A couple of weeks ago I posted a list of my favorite classes at Southern Seminary, any of which I’d highly recommend. Here are six general recommendations for anyone attending or considering seminary. Nobody has asked me for advice, but it’s my blog, so I’m giving it anyway.
- Get involved in a local church. Seminary is not a hiatus from the responsibility to make disciples and live out the “one another”s of the New Testament, both of which happen in and through the local church. So get your hands dirty and get involved: wash dishes, serve in the nursery, visit the elderly, pick people up for church. Whatever you do, remember that what’s gained in the classroom is for the church. I’d also recommend you find a church quickly. If you’re married and your wife is not a student, chances are she’ll be starving for friendship and fellowship while you meet people in class.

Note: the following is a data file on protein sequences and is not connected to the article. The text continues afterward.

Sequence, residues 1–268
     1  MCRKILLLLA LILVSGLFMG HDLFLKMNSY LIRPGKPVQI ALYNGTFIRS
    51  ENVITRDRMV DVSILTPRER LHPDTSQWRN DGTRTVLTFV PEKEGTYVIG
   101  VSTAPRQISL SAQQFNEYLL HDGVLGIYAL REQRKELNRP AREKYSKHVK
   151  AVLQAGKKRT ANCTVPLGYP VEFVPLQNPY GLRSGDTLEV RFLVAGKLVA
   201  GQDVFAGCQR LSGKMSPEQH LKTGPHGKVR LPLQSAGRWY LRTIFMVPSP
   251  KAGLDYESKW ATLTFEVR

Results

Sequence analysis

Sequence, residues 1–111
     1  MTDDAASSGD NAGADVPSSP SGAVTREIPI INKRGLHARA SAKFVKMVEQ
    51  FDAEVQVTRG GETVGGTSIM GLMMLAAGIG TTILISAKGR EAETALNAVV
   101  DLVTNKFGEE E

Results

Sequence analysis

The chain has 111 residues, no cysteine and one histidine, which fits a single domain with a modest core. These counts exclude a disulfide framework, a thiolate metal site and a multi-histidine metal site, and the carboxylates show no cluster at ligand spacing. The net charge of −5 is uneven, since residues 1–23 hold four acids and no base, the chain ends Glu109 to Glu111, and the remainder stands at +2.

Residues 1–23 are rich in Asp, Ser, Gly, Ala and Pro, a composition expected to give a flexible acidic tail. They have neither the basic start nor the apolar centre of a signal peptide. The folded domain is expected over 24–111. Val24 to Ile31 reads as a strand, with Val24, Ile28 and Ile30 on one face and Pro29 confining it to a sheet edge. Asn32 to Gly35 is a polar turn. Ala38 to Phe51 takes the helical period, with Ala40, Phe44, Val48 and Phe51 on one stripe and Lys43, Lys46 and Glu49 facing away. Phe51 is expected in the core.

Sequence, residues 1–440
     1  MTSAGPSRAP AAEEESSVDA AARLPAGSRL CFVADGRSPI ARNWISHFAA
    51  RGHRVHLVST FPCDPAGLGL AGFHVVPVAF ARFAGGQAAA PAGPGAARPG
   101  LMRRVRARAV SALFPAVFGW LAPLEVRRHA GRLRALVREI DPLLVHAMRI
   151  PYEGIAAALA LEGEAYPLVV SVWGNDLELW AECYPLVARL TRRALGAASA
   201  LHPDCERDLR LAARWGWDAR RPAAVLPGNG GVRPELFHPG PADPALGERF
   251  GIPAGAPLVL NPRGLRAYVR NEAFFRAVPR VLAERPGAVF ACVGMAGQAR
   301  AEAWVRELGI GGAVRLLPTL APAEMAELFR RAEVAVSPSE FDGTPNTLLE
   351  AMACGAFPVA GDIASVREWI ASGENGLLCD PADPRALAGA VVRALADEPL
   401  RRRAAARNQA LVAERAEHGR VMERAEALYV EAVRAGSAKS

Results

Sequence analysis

- Read the Bible. Regardless of what you learn in the classroom or what books you read outside of it, there’s only one Word of God. Read it, memorize it, pray it, obey it, and love it. It will sustain you when nothing else can.
- Learn the languages. You can grow in your theological understanding as you go. You can grow in your ability to preach, counsel, etc. after you finish seminary. The chances are slim, however, that you will improve your language ability after you graduate, so make the most of the opportunity.
- Study hard. This should be obvious, but your primary task in seminary is to prepare for ministry. You might never get the chance to devote yourself to study rigorously the things of God like you do in seminary.
- Prioritize your marriage (if you’re married). The last thing you want is to leave seminary with a solid theological foundation and a shaky marriage to show for it. Titus 1 and 1 Timothy 3 both list healthy home life as a qualification for eldership, so love your wife and sustain your ministry at home.
- Exercise. You’ll be spending a good bit of time straining your mind while you sit on your tail, so be sure to get off your tail and burn some calories. It will often seem like a poor use of time, but it’s not. I was a better student when I exercised regularly.